The Canada Job Grant only benefits big corporations

Linda Leon Open letter to MP Ryan Leef: Last month Canada's territorial and provincial premiers met to discuss the Canada Job Grant, which the federal government wants to launch with their co-operation. The premiers are not happy. The new program is prop

Open letter to MP Ryan Leef:

Last month Canada’s territorial and provincial premiers met to discuss the Canada Job Grant, which the federal government wants to launch with their co-operation. The premiers are not happy.

The new program is proposed as a replacement for the labour market agreement, which was designed to “increase labour market participation of groups that are under-represented in Canada’s labour force and to enhance the employability and skills of the labour.”

It was a bilateral agreement with up to $500 million in transfer-payment support from the federal government. It was a way to devolve labour management to the provinces and territories and to increase the number of skilled workers in Canada. On the whole it worked, in large part because it could be tailored to the unique needs of each jurisdiction.

The purpose of the Canada Job Grant is “to ensure that skills training funds are being used to help Canadians obtain the qualifications they need to get jobs in high-demand fields.” With this grant, the cost of training, up to $15,000 per trainee, would be split three ways between the provinces and territories, the federal government and employers.

Since small and medium-sized businesses cannot afford these training costs, the only employers to benefit from this program would be large corporations, many of them foreign owned and most of them in the resource extraction business. Is this another indirect subsidy to the fossil fuel industry?

The provinces and territories would see $300 million of the $500 million, once dedicated to the labour market agreement, clawed back. They are also being asked to contribute an additional $300 million to support the new program. This does not include the costs of administering this program, which the provinces and territories would be asked to undertake. As Rick Karp from the Whitehorse Chamber of Commerce has pointed out, this fund won’t cover the costs of travel and housing that are necessary for trainees from remote communities.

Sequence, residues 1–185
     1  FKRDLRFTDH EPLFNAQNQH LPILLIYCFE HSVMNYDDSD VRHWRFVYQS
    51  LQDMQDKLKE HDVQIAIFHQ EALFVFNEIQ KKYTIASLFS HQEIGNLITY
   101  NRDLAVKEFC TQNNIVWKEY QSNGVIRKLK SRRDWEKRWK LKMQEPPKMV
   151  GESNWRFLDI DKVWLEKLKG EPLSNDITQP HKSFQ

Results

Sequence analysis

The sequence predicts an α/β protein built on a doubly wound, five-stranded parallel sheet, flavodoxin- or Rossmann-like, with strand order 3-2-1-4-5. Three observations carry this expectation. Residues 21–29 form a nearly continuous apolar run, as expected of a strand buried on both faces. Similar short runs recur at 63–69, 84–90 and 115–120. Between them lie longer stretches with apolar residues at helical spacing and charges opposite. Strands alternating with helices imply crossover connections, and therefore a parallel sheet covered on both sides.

Where are the study groups or pilot programs that support the Conservative government’s claim that this will bring jobs and prosperity to Canadians? Are there documented programs of similar design in other countries?

The federal government didn’t even bother to consult with the premiers about this program. The Conservative government was so confident that the premiers would sign off on the Canada Job Grant that it sent out advertisements as though it was a done deal. The prime-time ads are estimated to cost “hundreds of thousands” according to the National Post. Citizens complained to Advertising Standards Canada about the ads because they did not supply relevant information. The advertisements were pulled before they could be listed on the council’s online “ad complaints report” as being in breach of Canadian Code of Advertising Standards.

Ryan, as well as the television advertisements, there were two Ten Percenters with the same misinformation on them. Your member’s expenses will be open to public scrutiny for this year and, since I am still collecting Ten Percenters, it will be very easy to figure out exactly how much of our money you spent on misleading advertisements.

So why is the Conservative government so enamoured with their Canada Jobs Grant program? Are they ideologically averse to helping those on the bottom of the economic totem pole? Are large industries seen as the only constituency that counts? Is it because they don’t receive political currency from the labour market agreement while they could claim all of the credit from the Canada Job Grant?

If they insist on going down this my-way-or-the-highway road without consulting with the provinces and territories or listening to education and labour experts, the Conservative government may find themselves in the uncomfortable position of taking all of the blame.

Now that the premiers have refused to co-operate, the federal government is approaching the industrial sector hoping that the Canada Job Grant could work in a bilateral way. I haven’t heard that there is much enthusiasm there, either.

Perhaps if Mr. Harper had held a real job before he became a politician he would have understood, as a result of hands-on experience, the wisdom of, “if it ain’t broke, don’t fix it.”

The labour market agreement provided funding that helped train unskilled workers in the Yukon.

The territorial government has spoken out against the Canada Job Grant. The Whitehorse Chamber of Commerce agrees that this is a bad deal for Yukon. Will you speak out against the Canada Job Grant?

May you walk on the high road.

Linda Leon is a Whitehorse freelance writer.

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